Dutch lawmakers are set to ban centuries-old Jewish and Muslim traditions of slaughtering animals, but agreed Wednesday to a last-minute compromise offering religious groups exemptions, if they can prove their method of killing livestock does not cause additional suffering.
Centrist lawmakers from several parties _ worried that their backing for the ban will cost them votes from Muslim and Jewish supporters _ hammered out the compromise shortly before a final debate on the legislation.
Stientje van Veldhoven of the centrist D66 party said the amendment gives religious groups "a chance to go and investigate what is possible instead of just telling them what they can't do."
"The law as it was presented ... ruled out any possible future development," Van Veldhoven told national broadcaster NOS. "It ruled out that there could be a method other than stunning first that could prevent animals suffering."
But the compromise did little to appease Jewish and Muslim groups who have called the proposed ban an attack on religious freedom.
"This is a crazy way of making laws _ that we have to go and prove what we have long believed," said Ronnie Eisenmann of the Amsterdam Jewish Community. "I think this has just opened the door to more discussion and uncertainty."
Marianne Thieme, leader of the Party for the Animals who introduced the legislation, was adamant the ban will now be introduced and left little hope that Jewish and Islamic butchers would be able to prove their method of slaughtering caused less suffering than if animals are stunned first.
"It is purely hypothetical that there could ever be proof that slaughter without stunning could be more animal-friendly than with stunning, but the amendment gives religious groups the possibility to go and look for that evidence," Thieme said.
A final vote is expected later this week or early next week.
As in most Western countries, Dutch law dictates that butchers must stun livestock _ render it unconscious _ before it can be slaughtered, to minimize the animals' pain and fear. But an exception is made for meat that must be prepared under ancient Jewish and Muslim dietary laws and practices. These demand that animals be slaughtered while still awake, by swiftly cutting the main arteries of their necks with razor-sharp knives.
The Party for the Animals, the first animal rights party elected to parliament anywhere in the world, proposed the ban on kosher and halal slaughter methods, saying they inflict unacceptable suffering on animals.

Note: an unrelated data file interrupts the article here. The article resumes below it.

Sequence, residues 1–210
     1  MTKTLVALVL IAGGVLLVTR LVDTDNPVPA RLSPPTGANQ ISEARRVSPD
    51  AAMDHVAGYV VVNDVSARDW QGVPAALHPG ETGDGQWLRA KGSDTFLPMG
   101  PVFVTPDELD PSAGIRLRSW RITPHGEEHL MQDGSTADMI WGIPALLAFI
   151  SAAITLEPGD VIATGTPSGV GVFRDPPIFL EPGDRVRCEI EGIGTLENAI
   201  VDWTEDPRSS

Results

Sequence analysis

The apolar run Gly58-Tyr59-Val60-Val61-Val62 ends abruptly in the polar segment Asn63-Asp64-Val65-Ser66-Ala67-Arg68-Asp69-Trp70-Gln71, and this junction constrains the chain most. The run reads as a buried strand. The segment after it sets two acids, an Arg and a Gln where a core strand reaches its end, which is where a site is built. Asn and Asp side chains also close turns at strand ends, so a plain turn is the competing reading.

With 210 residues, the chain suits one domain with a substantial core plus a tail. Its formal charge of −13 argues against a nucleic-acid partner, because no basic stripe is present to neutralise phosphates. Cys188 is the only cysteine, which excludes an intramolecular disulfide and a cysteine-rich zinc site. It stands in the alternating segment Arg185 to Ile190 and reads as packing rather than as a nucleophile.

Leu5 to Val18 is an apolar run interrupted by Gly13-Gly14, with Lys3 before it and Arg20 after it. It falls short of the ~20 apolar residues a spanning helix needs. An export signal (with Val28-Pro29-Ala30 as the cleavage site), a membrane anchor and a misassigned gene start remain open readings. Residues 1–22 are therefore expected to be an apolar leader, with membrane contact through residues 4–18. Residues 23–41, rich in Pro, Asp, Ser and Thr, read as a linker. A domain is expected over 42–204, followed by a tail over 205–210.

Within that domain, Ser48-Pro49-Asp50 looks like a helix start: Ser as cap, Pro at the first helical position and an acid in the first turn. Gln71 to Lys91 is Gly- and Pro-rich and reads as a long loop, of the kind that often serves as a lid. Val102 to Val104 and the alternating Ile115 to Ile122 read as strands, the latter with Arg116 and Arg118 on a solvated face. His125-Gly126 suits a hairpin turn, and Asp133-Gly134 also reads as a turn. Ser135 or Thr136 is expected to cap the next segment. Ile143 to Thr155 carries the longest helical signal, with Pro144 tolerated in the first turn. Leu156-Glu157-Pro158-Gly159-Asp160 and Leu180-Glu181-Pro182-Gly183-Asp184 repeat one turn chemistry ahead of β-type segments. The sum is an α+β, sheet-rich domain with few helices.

Centrist parties such as D66 and Labor have been wrestling with how to balance their commitment to animal welfare with their long-standing support for religious freedoms.
Religious-based parties, including the Christian Democrats part of the ruling coalition, have refused to support the bill, fearing it will undermine the country's reputation as a bastion of religious tolerance.
"Tolerance is a fundamental part of our national identity," said Christian Democrat Henk-Jan Ormel. "It is remarkable that parties who claim to represent minorities now find animal rights more important than the rights of these minorities."
Jewish and Muslim groups tried to persuade lawmakers earlier this month that the ban would constitute a fundamental attack on the freedom to practice their faiths.
"If pre-stunning were made compulsory under Dutch law, Jews would be unable to practice a central element of Jewish life which has been continuously practiced for over 3,000 years," Britain's chief rabbi, Jonathan Sacks, told a parliamentary committee.
Around 1 million Muslims and 40,000-50,000 Jews live in the Netherlands, a nation of 16 million. Many of the country's Muslims are Labor voters.
Muslim representatives have said that if halal slaughter is banned by Dutch authorities Muslims will be forced to buy their meat from neighboring countries such as Belgium and Germany.
If the Netherlands outlaws procedures that make meat kosher for Jews or halal for Muslims, it will be the first country outside New Zealand to do so in recent years. It will join the Scandinavian, Baltic countries and Switzerland, whose bans are mostly traceable to pre-World War II anti-Semitism.